The Marine Virology Laboratory is broadly focused on exploring microbial host-virus systems diversity and inter-relationships in diverse marine environments, from the Gulf of Maine to deep-sea marine sediments. Our overall goal is to understand the genetic basis of viral infections and how they affect community succession and ecosystem functions through application of a broad range of molecular and microbiological tools. All forms of life in the ocean, from microbes (e.g. bacteria) to whales, are potentially susceptible to viral infection. Viruses are the most abundant biological agents in the ocean water column and sediments and one of the largest reservoirs of unexplored genetic diversity, making them an important source for discoveries in molecular and cell biology with potential application for biotechnology companies seeking novel enzymes and compounds in the ocean. Through their role as microbial predators, viruses perform crucial ecological, biogeochemical, and evolutionary functions in the environment. As such, we advocate including the study of viruses in multidisciplinary projects in order to fully understand microbial mechanisms and processes in the marine environment.
  • Jose Fernandez-Robledo
  • LeAnn Whitney
  • Nicole Poulton
  • Nicole Price
  • Paty Matrai
    The Matrai lab is interested in ocean and atmosphere interactions, especially in the biological production and cycling of climate-active trace gases and primary organic aerosols (experimental and ambient measurements); we are interested in experimental work this summer. We are also interested in the physiological ecology of phytoplankton as a source and a sink of CO2 as a function of their interaction with light, nutrients and ice; with bacteria (jointly with the Countway lab); and with micro/nanoplastics per se and/or with respect to filter feeding invertebrates (jointly with the Fields lab). We utilize data from autonomous buoys and floats to scale up our results regionally and globally using data from satellites, ships, and scientific databases, again focusing primarily on the Arctic Ocean. We look to leverage our current work in the Nordic and Labrador Seas.
  • Pete Countway
  • Ramunas Stepanauskas
    I see the individuality of microbial cells as a major, unresolved enigma and a key to future improvements in our understanding of microbial ecology, evolution, biotechnology potential and impact on human health. Unicellular bacteria, archaea and eukaryotes constitute the oldest, the most abundant, and the most diverse forms of life on our planet. Yet, the extent, impact and underlying mechanisms of microbial diversity remain poorly understood, primarily due to technical challenges and paucity of unifying concepts that focus on discrete organisms - individual cells. My research group develops new technologies for single cell microbiology and utilizes them, along with other research tools, to address a wide array of questions in fundamental and applied microbiology.
  • Steve Archer
    We study processes that contribute to the flux of climate-active trace gases between the ocean and atmosphere to better understand how that may influence climate in the future. This means our research ranges from studying the activity of individual enzymes involved in key metabolic processes; to developing new approaches, for instance to quantify how grazing by zooplankton generates trace-gases; to trying to directly quantify the flux of trace gases between the ocean and atmosphere. This can involve laboratory and local, field-based experimental approaches, combined with applying a variety of chemical analytical techniques and methods to characterize planktonic communities.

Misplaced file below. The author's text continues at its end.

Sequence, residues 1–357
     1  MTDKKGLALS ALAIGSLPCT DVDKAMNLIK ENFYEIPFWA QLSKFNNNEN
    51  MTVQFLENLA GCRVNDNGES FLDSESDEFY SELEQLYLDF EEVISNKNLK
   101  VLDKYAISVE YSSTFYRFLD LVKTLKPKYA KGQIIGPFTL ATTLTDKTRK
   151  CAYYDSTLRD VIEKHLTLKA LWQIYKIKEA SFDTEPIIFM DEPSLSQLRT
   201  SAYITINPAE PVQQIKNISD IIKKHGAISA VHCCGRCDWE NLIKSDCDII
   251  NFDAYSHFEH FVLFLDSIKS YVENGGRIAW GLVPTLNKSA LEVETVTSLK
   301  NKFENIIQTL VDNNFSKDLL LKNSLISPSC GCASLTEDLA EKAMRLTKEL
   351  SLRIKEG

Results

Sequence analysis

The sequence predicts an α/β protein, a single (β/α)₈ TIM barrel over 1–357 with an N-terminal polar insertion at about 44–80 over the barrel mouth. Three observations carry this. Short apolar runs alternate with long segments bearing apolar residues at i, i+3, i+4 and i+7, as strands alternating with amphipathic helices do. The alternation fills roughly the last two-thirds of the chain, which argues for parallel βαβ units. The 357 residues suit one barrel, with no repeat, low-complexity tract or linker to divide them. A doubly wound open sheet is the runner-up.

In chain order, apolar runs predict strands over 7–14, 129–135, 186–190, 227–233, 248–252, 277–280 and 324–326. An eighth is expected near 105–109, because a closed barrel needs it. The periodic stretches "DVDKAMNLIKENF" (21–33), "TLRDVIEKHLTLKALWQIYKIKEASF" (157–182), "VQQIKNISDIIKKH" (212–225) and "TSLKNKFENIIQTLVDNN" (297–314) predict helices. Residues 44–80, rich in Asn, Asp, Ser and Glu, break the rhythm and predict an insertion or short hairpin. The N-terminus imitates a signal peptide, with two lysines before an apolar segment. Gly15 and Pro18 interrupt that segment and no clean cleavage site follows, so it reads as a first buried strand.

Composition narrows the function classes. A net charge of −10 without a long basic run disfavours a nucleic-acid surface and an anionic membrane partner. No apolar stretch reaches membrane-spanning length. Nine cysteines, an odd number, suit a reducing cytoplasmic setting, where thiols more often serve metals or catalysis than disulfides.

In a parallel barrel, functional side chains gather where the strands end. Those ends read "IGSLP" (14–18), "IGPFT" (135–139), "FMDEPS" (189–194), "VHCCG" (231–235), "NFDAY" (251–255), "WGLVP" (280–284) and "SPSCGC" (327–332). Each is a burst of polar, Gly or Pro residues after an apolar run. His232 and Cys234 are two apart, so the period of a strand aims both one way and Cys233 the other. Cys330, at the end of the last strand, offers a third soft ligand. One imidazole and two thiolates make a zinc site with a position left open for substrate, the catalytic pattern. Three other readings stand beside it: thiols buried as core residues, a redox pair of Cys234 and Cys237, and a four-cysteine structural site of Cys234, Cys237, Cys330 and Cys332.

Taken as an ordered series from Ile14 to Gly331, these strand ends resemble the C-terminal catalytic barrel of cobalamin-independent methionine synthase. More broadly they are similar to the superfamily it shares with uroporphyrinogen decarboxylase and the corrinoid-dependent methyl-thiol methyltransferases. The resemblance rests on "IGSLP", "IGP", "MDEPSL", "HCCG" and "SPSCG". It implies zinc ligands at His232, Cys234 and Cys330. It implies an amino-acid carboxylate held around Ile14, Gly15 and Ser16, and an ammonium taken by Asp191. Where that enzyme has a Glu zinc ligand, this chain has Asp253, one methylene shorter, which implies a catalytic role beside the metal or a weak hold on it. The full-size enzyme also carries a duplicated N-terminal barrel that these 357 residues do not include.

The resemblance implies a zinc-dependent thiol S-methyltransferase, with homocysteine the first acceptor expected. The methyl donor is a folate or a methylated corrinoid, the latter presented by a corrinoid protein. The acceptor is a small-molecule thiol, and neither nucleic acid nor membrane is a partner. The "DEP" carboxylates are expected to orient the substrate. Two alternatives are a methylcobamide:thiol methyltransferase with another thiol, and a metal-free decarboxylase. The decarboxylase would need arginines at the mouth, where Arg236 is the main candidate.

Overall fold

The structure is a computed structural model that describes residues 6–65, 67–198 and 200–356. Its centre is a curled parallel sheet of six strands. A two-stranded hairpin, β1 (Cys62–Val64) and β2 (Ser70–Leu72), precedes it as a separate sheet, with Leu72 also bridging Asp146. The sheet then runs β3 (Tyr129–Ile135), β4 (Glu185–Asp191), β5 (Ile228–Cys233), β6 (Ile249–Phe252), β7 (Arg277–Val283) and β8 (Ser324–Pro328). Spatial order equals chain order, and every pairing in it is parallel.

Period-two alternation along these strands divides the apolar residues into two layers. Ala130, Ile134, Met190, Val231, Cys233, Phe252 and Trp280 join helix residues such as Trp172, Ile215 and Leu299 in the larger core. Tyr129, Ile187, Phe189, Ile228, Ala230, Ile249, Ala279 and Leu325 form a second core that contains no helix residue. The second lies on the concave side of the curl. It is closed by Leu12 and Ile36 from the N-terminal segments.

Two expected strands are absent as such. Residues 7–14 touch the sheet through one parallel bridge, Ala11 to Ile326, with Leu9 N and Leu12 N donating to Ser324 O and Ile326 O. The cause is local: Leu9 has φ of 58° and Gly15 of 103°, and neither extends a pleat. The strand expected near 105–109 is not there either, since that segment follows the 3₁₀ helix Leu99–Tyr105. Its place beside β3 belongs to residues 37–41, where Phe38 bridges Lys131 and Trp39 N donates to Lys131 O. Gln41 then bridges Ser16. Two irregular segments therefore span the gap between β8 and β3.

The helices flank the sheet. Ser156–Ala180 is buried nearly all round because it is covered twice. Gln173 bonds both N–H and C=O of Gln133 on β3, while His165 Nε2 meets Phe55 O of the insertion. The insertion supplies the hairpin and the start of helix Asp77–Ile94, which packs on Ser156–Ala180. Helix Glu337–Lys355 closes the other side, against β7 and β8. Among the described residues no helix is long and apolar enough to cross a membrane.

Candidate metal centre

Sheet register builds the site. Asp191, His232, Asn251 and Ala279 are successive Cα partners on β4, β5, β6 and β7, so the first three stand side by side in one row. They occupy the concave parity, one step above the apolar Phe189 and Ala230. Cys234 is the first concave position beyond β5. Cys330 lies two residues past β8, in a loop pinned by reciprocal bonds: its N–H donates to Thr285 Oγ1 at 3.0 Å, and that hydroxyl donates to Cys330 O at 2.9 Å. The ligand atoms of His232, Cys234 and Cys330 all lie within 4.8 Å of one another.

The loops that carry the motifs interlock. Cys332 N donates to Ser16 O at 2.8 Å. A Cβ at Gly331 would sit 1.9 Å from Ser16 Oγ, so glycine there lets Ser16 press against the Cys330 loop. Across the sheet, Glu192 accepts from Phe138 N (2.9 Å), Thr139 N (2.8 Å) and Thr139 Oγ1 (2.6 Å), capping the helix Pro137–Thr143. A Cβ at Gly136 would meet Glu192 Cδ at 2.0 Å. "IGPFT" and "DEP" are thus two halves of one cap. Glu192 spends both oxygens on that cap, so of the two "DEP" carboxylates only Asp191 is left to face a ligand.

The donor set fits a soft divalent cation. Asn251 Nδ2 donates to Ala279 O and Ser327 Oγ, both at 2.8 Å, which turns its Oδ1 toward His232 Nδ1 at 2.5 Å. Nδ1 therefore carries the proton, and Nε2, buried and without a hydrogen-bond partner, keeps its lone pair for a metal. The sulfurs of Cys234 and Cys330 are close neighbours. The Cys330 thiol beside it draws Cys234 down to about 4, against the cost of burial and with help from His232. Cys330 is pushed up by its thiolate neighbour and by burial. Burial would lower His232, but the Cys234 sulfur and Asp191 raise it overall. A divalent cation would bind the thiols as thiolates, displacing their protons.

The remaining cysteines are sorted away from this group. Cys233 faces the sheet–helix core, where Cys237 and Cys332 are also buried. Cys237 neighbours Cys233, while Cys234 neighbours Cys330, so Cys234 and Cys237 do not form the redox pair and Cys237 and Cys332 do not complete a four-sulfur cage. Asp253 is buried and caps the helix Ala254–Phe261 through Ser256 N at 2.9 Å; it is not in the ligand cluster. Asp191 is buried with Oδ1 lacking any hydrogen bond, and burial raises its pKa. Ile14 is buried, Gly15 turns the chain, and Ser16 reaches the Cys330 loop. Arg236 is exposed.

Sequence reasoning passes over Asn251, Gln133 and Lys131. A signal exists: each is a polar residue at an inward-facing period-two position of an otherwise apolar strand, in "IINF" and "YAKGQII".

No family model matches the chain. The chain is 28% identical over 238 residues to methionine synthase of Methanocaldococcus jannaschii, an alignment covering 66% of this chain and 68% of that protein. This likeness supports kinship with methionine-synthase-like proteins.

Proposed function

An REU participant must be a current undergraduate student and a citizen or permanent resident of the United States or its possessions; international students and graduating seniors are not eligbile for this program. An undergraduate student is defined as a student who is enrolled in a degree program (part-time or full-time) leading to a baccalaureate or associate degree. Students who are transferring from one college or university to another and are enrolled at neither institution during the intervening summer may participate under certain circumstances. See the National Science Foundation's eligibility guidelines for more information.

Minorities and students with disabilities are encouraged to apply.

Applicants should have, at minimum, one year of basic biology, have taken at least one earth or ocean science course, and be in good standing with their home institution. Most REU students will have completed two or three years of college and be majoring in earth science, environmental science, biology, chemistry, physics, mathematics or engineering. Prior research experience is not required, but relevant coursework and enthusiasm for conducting independent research are important. We encourage applications from non-traditional students, as well as those attending community colleges.



Once you have gathered the information above, please proceed to the application form. All application materials must be received by February 15th. Due to the high number of applications received each year, incomplete applications will not be reviewed. All application materials should be sent to Bigelow Laboratory for Ocean Sciences via the online application site. Please send questions to Do not submit applications to the National Science Foundation.

All students who are offered a position with the Bigelow REU have from March 1st to March 15th to accept or reject the offer. This REU site is funded by the National Science Foundation's Division of Ocean Sciences.

Contact Information

REU Program
Dr. David Fields
Bigelow Laboratory for Ocean Sciences
PO Box 380
East Boothbay, ME 04544 USA
(207) 315-2567, ext. 313

2019 Important Dates

  • Application Period: January 1 - February 15
  • Students Notified: March 1 - March 15
  • Program Dates: May 28 to August 2, 2019